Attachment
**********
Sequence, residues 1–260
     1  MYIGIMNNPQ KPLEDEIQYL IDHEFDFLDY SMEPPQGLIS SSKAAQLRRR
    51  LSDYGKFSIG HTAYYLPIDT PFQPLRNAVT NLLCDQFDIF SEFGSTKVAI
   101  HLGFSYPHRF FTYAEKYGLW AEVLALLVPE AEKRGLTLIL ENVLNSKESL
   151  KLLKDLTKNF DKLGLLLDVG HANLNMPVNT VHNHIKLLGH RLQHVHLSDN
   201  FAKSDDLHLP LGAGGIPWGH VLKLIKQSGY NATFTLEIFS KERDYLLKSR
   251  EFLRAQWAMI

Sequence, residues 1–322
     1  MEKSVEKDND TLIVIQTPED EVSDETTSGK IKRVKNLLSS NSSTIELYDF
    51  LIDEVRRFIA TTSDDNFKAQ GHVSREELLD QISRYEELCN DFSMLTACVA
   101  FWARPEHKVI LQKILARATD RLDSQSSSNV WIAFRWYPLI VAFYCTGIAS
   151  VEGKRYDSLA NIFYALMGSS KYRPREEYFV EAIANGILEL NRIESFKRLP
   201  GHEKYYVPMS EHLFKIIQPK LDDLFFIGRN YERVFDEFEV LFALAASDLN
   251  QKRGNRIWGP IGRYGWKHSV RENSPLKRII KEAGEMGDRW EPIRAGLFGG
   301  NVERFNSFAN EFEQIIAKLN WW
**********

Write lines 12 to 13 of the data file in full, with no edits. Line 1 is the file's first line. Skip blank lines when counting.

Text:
   151  VEGKRYDSLA NIFYALMGSS KYRPREEYFV EAIANGILEL NRIESFKRLP
   201  GHEKYYVPMS EHLFKIIQPK LDDLFFIGRN YERVFDEFEV LFALAASDLN